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Gulf & Main Magazine

Barbara’s Friends Fulfills a Promise: The Cancer Fund Vowed 25 Years Ago to Help Southwest Florida Children

Nov 23, 2020 05:00PM ● By AMY FRITH

In 1995, as 36-year-old Barbara Haskell was terminally ill, she was inspired by the spirit and tenacity of children she met who also had cancer. She asked her parents, Betty and Frank Haskell of Fort Myers, to promise to help kids with cancer after she was gone.

The Haskells founded Barbara’s Friends in her name with an initial goal of raising $100,000. Twenty-five years later, more than $20 million has been raised—funding equipment, staffing and services to help 10,000 Southwest Florida children with cancer or life-threatening blood disorders. 

Thanks to the support of Barbara’s Friends, no child is denied treatment at Golisano Children’s Hospital of Southwest Florida because of a family’s inability to pay for care. More than half of the children treated for cancer at Golisano are uninsured, on Medicaid or have no form of payment. Barbara’s Friends helps provide all possible resources from medication to transportation, gas cards for families to get to and from treatment, meals for the parents when a child is staying overnight so they don’t have to leave their bedside, as well as a state-of-the-art facility, equipment, medical supplies, therapy and staffing. 

Pediatric cancer outcomes are more hopeful in 2020. Sixty years ago, a child diagnosed with cancer had a 10 percent chance of survival. Today at Golisano, children have an 84 percent survival rate—higher than the national average. The hospital is a member of the Children’s Oncology Group, which allows it to share research and clinical trials and access the latest information as it becomes available from other top centers of excellence.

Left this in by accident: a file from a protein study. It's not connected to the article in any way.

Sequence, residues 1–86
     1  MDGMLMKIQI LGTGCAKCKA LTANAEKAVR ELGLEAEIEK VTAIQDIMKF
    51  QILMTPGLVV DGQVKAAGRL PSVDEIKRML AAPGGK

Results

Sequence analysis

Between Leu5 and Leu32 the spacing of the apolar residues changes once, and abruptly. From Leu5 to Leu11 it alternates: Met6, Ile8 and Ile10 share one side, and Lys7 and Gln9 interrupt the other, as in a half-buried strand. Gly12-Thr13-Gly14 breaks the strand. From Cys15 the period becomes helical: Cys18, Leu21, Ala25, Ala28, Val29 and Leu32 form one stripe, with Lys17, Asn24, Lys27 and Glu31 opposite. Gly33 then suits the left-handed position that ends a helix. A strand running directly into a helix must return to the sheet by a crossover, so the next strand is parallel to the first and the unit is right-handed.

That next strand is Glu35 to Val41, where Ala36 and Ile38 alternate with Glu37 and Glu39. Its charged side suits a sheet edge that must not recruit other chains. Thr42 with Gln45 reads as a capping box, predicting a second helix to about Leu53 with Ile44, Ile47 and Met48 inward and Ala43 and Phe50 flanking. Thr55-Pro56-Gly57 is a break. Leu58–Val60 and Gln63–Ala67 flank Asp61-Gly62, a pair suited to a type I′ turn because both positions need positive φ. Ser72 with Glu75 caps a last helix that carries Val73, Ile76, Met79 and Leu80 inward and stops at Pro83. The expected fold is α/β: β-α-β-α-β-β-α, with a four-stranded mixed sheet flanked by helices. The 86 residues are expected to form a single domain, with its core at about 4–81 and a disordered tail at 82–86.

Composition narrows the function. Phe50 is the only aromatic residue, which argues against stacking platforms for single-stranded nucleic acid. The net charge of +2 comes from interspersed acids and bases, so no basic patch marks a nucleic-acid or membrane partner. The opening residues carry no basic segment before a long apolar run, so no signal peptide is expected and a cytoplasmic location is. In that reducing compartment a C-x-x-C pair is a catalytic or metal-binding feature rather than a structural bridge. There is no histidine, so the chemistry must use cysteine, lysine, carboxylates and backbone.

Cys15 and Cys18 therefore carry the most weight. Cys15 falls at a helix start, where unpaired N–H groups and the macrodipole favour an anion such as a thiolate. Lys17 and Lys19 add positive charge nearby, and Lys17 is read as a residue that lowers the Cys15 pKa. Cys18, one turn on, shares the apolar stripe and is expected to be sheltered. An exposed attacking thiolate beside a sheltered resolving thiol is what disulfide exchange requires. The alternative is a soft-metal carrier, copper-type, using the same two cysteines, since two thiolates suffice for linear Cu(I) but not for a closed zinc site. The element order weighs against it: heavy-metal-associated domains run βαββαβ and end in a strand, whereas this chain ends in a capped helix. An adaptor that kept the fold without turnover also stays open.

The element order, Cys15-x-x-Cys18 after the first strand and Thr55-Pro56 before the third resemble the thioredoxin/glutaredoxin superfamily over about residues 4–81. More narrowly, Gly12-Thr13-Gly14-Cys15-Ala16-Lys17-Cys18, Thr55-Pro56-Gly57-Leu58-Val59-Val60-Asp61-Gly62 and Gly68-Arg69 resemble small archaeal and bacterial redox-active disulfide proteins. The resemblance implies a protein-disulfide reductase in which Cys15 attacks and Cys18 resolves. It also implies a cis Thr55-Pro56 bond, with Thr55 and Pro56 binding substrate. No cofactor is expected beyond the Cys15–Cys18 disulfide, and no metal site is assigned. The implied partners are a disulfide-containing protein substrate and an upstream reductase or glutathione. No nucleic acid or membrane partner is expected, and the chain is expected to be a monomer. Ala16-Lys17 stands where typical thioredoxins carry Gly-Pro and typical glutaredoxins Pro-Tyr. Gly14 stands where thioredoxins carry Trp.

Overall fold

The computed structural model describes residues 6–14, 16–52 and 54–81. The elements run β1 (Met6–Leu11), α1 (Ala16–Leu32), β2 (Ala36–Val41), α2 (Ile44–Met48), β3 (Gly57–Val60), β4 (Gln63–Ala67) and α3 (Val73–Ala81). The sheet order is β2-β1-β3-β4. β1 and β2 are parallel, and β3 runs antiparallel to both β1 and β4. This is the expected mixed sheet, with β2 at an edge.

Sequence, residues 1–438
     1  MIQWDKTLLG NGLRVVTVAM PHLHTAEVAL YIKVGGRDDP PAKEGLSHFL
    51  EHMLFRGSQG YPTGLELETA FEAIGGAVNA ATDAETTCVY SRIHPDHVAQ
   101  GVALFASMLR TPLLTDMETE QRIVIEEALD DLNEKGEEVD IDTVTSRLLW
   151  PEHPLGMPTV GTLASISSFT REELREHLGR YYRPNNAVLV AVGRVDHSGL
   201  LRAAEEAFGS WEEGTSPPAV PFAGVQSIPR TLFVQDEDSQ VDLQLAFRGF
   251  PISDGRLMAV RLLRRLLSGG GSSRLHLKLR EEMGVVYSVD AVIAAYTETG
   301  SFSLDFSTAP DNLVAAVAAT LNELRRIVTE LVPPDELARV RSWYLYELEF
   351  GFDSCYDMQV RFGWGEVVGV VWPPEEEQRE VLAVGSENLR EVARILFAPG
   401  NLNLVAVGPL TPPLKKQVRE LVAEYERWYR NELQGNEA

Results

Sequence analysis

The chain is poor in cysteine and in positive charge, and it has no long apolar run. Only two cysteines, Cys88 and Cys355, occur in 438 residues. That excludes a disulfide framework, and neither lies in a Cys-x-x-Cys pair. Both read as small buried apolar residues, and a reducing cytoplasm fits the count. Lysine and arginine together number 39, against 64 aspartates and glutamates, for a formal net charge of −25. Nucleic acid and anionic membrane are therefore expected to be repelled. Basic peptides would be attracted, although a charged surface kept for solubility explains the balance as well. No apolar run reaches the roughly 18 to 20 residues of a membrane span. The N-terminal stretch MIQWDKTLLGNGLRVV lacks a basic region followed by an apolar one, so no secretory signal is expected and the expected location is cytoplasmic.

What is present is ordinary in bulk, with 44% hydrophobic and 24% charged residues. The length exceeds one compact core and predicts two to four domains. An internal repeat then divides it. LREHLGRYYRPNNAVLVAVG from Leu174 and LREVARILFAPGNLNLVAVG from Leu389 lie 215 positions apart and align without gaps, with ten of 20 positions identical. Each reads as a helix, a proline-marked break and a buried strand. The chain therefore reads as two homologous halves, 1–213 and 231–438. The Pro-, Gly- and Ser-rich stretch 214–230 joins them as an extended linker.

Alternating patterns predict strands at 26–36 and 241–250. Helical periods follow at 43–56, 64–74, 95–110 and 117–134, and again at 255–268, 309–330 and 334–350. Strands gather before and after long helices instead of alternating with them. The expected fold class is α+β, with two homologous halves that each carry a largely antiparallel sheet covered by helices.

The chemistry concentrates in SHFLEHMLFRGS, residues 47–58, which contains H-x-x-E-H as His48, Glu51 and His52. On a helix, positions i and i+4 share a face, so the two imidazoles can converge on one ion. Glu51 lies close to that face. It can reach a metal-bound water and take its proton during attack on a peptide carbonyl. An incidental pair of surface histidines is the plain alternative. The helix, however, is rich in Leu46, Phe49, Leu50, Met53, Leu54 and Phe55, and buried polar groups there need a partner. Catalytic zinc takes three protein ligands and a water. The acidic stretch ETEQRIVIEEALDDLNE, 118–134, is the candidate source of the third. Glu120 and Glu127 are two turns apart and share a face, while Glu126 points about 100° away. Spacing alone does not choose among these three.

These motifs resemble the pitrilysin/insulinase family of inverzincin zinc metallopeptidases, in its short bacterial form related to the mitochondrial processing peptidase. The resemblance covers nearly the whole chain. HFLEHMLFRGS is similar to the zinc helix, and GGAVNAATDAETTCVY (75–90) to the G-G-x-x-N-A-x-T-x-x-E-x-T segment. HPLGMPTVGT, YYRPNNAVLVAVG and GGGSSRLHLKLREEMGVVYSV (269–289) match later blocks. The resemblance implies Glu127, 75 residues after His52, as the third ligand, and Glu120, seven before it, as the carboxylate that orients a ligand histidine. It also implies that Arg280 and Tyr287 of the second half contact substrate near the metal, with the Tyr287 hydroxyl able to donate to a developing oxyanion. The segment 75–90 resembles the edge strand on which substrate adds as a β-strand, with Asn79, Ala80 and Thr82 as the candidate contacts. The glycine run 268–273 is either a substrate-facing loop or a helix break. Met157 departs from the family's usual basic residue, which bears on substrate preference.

A quarter century of success has encouraged Barbara’s Friends to continue to improve treatment and outcomes for area children, including:

  • Expanding the Adolescent and Young Adult (AYA) program for patients ages 15-30 diagnosed with pediatric cancers, who benefit from pediatric instead of adult care.
  • Building the Infusion Clinic at the Golisano Children’s Healthcare Center of Naples for treatment of pediatric cancer patients in Collier County.
  • Launching the Barbara’s Friends college scholarship fund to ensure that children fighting pediatric cancer can complete their education.

Barbara Haskell’s dream to make lives better for children with cancer is embodied in the Barbara’s Friends rainbow logo that celebrates her love of the classic film, The Wizard of Oz and the song “Somewhere Over the Rainbow.” Her father, Frank, sees Barbara in every rainbow and her legacy in Barbara’s Friends. 

“Losing a child of your own before you go is a devastating thing to have happened,” says Frank, who at age 90 is still raising money for the fund. “This has kept Barbara’s life ongoing. I think of her every single day.”

For more information about Barbara’s Friends, visit:

Amy Frith, director of Barbara’s Friends, is a former local television news anchor who loves connecting people, resources and philanthropic missions with the hope of changing lives and leaving the world a better place.